Like estrogen, AMH is produced by the granulosa cells. The granulosa cells are the small cells that surround each egg.  These small cells are tightly attached to egg surface whereby they help to vitalize and, when the time is right, mature the egg.   This egg-granulosa cell unit is called the follicle.

No one yet knows what the function of ovarian AMH in females.  AMH is present in males, and we know that it has a very important role in the development of normal male sexual anatomy.  What we do know about AMH in females is that the more healthy follicles one has, the higher the AMH levels.

Measurement of AMH levels can help us predict a woman’s fertility, in a very general way.  We already said that estrogen is also produced by the granulosa cells, so why wouldn’t we just need to measure estrogen levels to find out about ovarian health?  Because estrogen only comes from follicle at a time; the one that is in the process of ovulation. A woman may have 100,000 follicles, but on most cases only one per month gets involved in ovulation and becomes an estrogen producer.   Follicles may make different amount of estrogen each month, so judging fertility based on an estrogen test is not helpful.

Many follicles at one time, however, are producing AMH. Now it’s not every follicle, but it is a large number.  It works like this. The ovary contains different follicles in different stages of maturity.  Here is a microscopic view of the ovary.

 

Some follicles are very immature and have few granulosa cells; just one layer surrounding the egg.   Some follicles are more mature and their granulosa cells have multiplied into more cells in multiple layers.  These are the ones producing the most AMH.  In general, if you have a lot of eggs, you have plenty of follicles in all of the stages of development, giving you higher AMH levels.  Lower AMH levels mean fewer follicles of all types.

Follicles are always making AMH therefore levels can be measured any day in the cycle. In fact, it does not matter if a woman is on oral contraceptives, AMH is still produced and can be measured.

AMH may turn out to be and excellent way to measure a woman’s fertility potential, but we are not quite there yet. We do know that a high AMH is good and a low AMH is bad. What’s a good high level? We are still not sure. We know a little.  Any level over 2 is really not bad at all. Certainly, higher than 2 is better still. We know that undetectable levels, less than 0.16, are bad.  But, we have had women with these low levels become pregnant.  The odds of pregnancy are much worse for women with low levels, but people frequently get pregnant with low odds.  Some women have asked me if the level can be too high.  High levels may indicate the presence of polycystic ovaries (ovaries with an above average number of follicles).  While it is true that some women with polycystic ovaries have trouble conceiving, a high AMH level is not the issue.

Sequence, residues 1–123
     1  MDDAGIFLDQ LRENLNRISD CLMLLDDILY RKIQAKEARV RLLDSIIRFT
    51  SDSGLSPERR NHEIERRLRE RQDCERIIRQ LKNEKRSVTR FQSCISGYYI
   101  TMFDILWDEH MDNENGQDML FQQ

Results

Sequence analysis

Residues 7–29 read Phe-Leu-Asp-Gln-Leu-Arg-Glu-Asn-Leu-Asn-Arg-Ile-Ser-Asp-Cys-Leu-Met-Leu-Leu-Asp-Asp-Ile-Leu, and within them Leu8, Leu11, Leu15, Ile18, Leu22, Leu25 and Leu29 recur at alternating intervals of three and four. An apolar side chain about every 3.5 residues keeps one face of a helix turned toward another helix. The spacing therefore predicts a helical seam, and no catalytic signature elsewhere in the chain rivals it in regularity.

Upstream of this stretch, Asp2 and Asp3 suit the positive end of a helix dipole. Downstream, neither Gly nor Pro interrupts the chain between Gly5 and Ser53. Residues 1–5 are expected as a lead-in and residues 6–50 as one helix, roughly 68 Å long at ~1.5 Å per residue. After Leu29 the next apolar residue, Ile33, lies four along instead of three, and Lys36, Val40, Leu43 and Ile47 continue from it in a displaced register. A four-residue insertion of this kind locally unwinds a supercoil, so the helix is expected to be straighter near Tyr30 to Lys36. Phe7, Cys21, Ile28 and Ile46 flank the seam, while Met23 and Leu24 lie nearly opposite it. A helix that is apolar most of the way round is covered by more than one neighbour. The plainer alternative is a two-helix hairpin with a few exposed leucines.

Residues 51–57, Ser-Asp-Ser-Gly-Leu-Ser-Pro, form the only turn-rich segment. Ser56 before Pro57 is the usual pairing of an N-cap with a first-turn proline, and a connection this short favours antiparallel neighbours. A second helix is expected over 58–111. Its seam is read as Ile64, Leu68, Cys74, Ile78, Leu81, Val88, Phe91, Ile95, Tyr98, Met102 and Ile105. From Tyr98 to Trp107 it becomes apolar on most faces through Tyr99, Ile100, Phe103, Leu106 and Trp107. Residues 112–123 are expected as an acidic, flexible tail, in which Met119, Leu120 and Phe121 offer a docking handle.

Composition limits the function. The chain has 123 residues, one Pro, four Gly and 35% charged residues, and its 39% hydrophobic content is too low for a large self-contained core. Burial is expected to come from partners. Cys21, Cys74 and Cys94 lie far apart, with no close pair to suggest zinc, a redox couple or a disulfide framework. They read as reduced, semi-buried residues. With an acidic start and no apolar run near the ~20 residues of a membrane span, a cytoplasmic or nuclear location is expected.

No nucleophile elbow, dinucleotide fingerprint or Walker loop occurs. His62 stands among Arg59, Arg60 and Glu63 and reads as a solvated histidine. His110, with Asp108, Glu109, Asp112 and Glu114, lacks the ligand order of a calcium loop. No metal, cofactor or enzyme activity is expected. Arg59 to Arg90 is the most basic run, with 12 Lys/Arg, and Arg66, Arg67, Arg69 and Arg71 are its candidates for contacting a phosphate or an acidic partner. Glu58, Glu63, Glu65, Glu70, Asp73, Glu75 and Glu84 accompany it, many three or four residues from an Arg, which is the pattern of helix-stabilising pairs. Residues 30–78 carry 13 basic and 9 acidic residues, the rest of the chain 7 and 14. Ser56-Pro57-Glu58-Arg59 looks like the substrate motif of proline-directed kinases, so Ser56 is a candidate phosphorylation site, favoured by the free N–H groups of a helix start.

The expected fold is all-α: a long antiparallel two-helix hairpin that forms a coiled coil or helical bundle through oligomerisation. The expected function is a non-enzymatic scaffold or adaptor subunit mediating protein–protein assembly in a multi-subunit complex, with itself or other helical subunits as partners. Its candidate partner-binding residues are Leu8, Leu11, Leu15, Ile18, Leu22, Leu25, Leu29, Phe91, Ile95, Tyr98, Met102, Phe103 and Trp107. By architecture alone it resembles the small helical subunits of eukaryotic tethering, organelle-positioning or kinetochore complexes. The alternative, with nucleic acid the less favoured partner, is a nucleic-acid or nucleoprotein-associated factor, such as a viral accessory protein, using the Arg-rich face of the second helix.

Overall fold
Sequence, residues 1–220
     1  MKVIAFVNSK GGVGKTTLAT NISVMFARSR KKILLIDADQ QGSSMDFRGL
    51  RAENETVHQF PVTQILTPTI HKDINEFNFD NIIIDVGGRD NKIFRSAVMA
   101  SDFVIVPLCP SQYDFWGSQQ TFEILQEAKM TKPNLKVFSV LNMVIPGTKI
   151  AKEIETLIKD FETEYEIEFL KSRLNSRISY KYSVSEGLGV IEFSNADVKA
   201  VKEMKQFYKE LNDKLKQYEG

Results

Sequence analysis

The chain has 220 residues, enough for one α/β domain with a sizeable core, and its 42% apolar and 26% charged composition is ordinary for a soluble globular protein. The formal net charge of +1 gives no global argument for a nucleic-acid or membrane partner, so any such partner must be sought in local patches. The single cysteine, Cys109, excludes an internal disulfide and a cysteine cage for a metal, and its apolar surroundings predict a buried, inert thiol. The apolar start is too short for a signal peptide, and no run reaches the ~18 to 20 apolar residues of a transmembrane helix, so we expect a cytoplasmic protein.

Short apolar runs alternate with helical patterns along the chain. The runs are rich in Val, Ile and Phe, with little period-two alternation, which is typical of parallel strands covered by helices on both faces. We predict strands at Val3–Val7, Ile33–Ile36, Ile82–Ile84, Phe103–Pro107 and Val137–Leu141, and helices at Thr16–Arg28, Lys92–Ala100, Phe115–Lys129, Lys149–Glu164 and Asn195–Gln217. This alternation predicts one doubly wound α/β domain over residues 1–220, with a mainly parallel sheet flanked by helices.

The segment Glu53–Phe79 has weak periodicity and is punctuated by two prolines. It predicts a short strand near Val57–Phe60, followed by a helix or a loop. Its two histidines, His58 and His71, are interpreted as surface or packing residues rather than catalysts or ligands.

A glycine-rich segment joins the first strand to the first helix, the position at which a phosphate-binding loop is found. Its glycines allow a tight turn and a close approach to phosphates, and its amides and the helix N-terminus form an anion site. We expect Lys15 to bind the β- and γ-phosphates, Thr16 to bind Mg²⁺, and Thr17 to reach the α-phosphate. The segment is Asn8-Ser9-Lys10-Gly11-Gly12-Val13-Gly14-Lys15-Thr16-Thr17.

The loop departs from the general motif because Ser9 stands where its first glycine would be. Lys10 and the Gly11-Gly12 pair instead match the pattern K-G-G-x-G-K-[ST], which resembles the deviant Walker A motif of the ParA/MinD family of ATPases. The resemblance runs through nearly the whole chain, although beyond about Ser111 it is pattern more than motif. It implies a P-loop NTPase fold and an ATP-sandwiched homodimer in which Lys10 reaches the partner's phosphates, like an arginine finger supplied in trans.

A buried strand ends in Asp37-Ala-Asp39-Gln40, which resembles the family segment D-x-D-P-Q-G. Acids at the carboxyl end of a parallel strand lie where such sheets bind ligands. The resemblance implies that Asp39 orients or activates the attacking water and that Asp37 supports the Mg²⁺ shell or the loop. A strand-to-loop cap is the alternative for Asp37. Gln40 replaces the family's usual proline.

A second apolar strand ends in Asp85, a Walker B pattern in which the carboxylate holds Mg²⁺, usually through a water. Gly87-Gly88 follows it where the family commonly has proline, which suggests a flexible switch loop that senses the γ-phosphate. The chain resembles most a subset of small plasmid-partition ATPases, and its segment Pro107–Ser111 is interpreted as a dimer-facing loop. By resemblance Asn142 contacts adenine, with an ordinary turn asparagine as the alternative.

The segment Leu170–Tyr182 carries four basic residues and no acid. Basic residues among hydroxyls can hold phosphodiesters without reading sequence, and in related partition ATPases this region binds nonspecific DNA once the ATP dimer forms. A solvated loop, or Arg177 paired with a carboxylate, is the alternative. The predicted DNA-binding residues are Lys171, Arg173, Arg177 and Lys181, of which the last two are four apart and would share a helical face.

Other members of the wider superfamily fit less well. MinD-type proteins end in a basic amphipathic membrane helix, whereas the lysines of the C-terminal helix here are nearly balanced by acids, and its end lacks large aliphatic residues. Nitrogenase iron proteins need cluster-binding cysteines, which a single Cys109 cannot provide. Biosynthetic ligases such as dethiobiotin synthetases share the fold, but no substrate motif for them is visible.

Recent studies (one was in the headlines a few weeks ago) have used AMH levels to predict IVF outcome.  But again, really high levels were shown to be good and really low levels bad, but overall, not predictive enough to tell someone they can or can not get pregnant.

What we typically do is to put all of the information we have together to estimate ovarian health.  If we use age, FSH levels, AMH, antral follicle counts, the prognosis becomes a bit more clear, but the system is still not perfect.

AMH testing will become more useful sometime soon. More and more women need to have the test done do we can compare levels to outcomes on a large scale. In addition the laboratories need to get better at the testing.  But once we get better with AMH levels, we may be able to do some very important things.

For instance, some studies have been done comparing AMH levels to the time of menopause. Again, not ready for prime time, but the concept may be very important.  What if we could measure AMH in a young woman and determine at what age she will start losing her fertility? Or at what age will she lose half her fertility? What if we could measure AMH levels in a woman destined for chemotherapy and determine if she should freeze her eggs first?

These would all be wonderful uses of this test and it may be that in the future we could reach these goals.

It’s more likely that newer tests will be developed to improve ability to predict.  As alluded to before, combination tests may be more accurate. For example labs are starting to market “fertility profiles” based on AMH, FSH, inhibin and other hormones.

But in the end, like in all of medicine, the genetic tests will dominate.  Scientists are looking for a gene or groups of genes that control the fertile lifespan of women.  As genetic testing becomes less expensive and as we increase our ability to look at more and more genes at one time, the goal of accurately determining a woman’s ovarian age and potential will be reached.

 

Thanks for reading and please don’t forget to read the disclaimer from 5.17.06

 

Dr. Licciardi